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Spider mites - An organic, safe treatment?

Posted by Luke_Skywalker Perth W.A. (My Page) on
Wed, Apr 9, 03 at 5:32

Hi there, I'm just wondering if anyone out there knows of an organic, and most of all, safe insecticide to use for red and two-spotted spider-mite. I've been using Wettable Sulphur, and this is supposed to be fairly safe, but still it is not ideal, and didn't make a sizable dent in the population, even after 3 applications 5 days apart or so. Then I went to a mixture advised to me in the Australian Orchid Review. This was a mix of 40mL/L of White-oil concentrate, and 10mL/L of Pyrethrum concentrate, mixed together in a spray-pack. This has been used on my garden, and initially I had great results, but only about 6 days later I had the eggs come up and re-infest, but I've been told not to re-spray for at least 15 days!! (This is on the white-oil bottle.) Not only this, but I worry that the white-oil is possibly going to not only kill a few plants, (some reacted badly, particularly some ferns and younger plant growth.) but maybe harm my cats too, who enjoy my small courtyard vege, herb and orchid garden, and quite often feed on the plants there.... (Catgrass, catnip and so on....) I am having great trouble with these two distinct populations of spider-mite, and I really don't want any damaging or potentially harmfull pesticides in the garden either. Any suggestions?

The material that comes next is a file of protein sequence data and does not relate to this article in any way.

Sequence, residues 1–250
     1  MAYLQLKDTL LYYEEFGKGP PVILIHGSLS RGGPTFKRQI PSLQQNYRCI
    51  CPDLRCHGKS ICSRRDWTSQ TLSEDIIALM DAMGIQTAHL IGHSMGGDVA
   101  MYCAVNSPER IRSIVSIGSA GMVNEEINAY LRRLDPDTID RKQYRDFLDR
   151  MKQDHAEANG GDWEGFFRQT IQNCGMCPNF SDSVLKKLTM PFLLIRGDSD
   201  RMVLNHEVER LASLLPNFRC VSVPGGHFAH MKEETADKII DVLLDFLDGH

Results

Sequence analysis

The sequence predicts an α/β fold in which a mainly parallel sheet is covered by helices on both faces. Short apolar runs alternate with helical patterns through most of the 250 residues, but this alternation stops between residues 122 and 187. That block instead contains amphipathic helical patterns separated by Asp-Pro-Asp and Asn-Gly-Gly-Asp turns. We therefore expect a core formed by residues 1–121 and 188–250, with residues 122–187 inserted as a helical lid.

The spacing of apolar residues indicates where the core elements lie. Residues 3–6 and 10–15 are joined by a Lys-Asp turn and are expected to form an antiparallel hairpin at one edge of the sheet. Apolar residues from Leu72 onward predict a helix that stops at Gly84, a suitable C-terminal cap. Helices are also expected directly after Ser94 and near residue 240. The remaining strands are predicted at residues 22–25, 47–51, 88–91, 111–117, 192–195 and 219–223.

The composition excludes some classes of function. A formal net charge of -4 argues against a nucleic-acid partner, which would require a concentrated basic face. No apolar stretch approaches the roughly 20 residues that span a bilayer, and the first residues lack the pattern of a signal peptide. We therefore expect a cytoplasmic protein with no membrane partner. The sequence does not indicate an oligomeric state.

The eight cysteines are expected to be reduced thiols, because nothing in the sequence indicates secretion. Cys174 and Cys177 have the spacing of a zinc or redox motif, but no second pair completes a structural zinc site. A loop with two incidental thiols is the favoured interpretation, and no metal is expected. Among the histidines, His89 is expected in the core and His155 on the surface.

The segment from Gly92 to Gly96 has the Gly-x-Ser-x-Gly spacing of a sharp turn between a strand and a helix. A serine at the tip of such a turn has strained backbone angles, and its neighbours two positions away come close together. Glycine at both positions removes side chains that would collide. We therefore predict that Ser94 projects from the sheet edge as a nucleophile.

Follow-Up Postings:

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RE: Spider mites - An organic, safe treatment?

  • Posted by ashmeri Cent. Qld.Aust. (My Page) on
    Wed, Apr 9, 03 at 17:55

I was given this recipe by a very old and keen gardener when I have those "white lice" things on my ferns, he says it is good for red spider mites too.
Cleaned up my ferns well.
1 teaspoon Maldison 50 ( dog flea wash )
1 tablespoon White oil
1 Imperial gallon water.(you can work out the litres)I have an old gallon bucket.
Just spray this on.